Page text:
Watercolor and Colored Pencil Technique
The technique has evolved with me
It began with drawing. Pencil in hand, drawing whatever I saw, and whatever I felt, it was my way of relating to the world, and making sense of the way things work together. Although I was certain that I was not very good at it, I could not let it go. I’ve just always loved to draw. In college, I took life drawing classes so many times that they would not let me audit the class anymore, so I taught it.
All my life, wherever I have looked, I have seen faces. In wood grain, in the clouds, in the cracks in the paint of a building, there were faces, so, early on faces were frequently the subject matter of my work.
Right around the time my second daughter was born I had gotten a bit tired of either drawing just faces or else the involved abstracts from my sculpture journal, so I did a series of pencil drawings which borrowed from a collage approach to subject matter, instead. This drawing call “Serra” was a forerunner of that series. These drawings were quite involved with intricate detail.
Then, years ago, a friend and I promised to do a show for the Arts Council in Lassen County. My friend was going to show her watercolors. I had never done watercolor but I have always enjoyed a challenge, so I agreed to do watercolor as well. The show was well received. Far more important, though, my love for watercolor was born. I love working wet on wet, allowing the images to gently arise from the pigment play. I am enamored of the subtle interplay of colors within the paint and the challenge of stubborn pigment.
I dreamed this process one night
Then, one night I dreamed a watercolor and colored pencil technique wherein I combined two divergent media: a layering of watercolor and prismacolor pencil. This process feeds two divergent parts of me as an artist.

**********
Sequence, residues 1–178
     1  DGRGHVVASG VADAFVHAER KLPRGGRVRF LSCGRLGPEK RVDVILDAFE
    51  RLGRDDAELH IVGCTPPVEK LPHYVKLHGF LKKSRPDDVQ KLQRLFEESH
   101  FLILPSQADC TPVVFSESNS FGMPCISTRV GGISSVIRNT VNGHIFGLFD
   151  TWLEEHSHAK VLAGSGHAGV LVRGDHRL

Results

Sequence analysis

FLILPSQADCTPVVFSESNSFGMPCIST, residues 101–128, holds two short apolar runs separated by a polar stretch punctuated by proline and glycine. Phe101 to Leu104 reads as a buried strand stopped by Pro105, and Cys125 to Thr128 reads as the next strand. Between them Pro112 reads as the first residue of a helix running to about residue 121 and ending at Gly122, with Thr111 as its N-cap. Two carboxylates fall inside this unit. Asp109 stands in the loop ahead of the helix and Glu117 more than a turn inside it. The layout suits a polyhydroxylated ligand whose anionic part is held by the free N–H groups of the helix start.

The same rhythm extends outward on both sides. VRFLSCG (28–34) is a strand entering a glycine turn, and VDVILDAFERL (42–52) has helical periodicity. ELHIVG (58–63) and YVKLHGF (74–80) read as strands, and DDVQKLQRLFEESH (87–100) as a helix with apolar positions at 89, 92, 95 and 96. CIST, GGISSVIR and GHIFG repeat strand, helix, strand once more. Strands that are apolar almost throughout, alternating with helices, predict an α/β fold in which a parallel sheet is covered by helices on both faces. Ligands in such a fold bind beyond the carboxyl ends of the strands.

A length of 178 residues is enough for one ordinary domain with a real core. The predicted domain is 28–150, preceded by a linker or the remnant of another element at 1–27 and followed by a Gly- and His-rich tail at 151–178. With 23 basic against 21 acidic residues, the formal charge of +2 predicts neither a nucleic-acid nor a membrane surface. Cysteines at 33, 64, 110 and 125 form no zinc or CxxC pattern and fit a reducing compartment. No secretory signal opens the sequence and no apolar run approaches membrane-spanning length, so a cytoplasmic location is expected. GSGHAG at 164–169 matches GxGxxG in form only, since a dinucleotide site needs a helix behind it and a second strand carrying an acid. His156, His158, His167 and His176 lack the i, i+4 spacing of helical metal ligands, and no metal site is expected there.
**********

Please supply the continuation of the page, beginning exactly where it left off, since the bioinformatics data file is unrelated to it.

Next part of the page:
I purposefully use watercolor techniques that minimize my control, then allow myself utmost control with the pencil work. The watercolor layers are usually more free and yield surprises. Faces and other hidden images emerge. The prismacolor pencil allows me to find the emerging images as well as to indulge my urge to become immersed in detail. It is a joyful combination for me.
Once the initial drawing or painting layer (I vary) is laid down, I am aware of the overall composition, and main subject matter. From there, I enter the world of “spirit play,” the zone of art creation.
The more I indulge myself in this process, the more layers I create, and the more surprises happen. I think my love of working with layers is one of the things that has bled over from and to my graphic design work. In Photoshop or Illustrator, the key to the rich image is utilizing layers. I could not achieve the rich graphics that I do without layers. Watercolor is all about layering too. You build up the image by layering more and more pigment for the darker areas. With washes of various colors, a richer dark tone is achieved than you would produce with a dense layer of black pigment, for example.
The color pencil layers aid in the discovery process. It is as I discover things and define them more clearly with my pencils that the true adventure happens. It is an excellent re-purposing of my compulsion to create order and beauty.
Several years ago I was in an large art show where all of the glass on my framed pieces was broken, cracked, chipped or shattered. This was a huge hit to my finances. Matting, framing and glass can be an expensive investment for an artist.
Upon reflection, while I was researching non-scratchable plexiglass solutions, I realized that I really don’t like putting my art under glass. I am a very tactile person, and I like to touch work (at least with my eyes). I needed a painting for a show, so I took one of my favorite completed paintings, and cut it up. Next I prepared a canvas, with underpainted layers, and attached the pieces of my former painting to this new painting, whereupon I started creating new layers with transparent acrylics and more pencil work. When finished, I coated the whole piece with a clear acrylic. Triple Goddess was complete.
I’ve done a few of these pieces, and I shall do some more. There is an exhilaration (combined joy and fear) that arises when cutting up a completed painting. However the originals stand on their own, without this further futzing, so I have thought of doing a gicleé print to use in the mixed media pieces on canvas. I’m in a philosophical quandary about that.
In the meantime, in 2011 someone introduced me to a new (to me) “watercolor ground,” which enable me to watercolor directly on canvas. I had been wishing that there would be a way to do that. Wish granted.
The watercolor and colored pencil process adapts really well to this ground, and the ground itself as well as the canvas add other new and exciting elements that I find exciting. The texture of the ground depends on how I apply it, and the responsiveness depends on how many layers of it I apply. And so, the technique evolves and grows.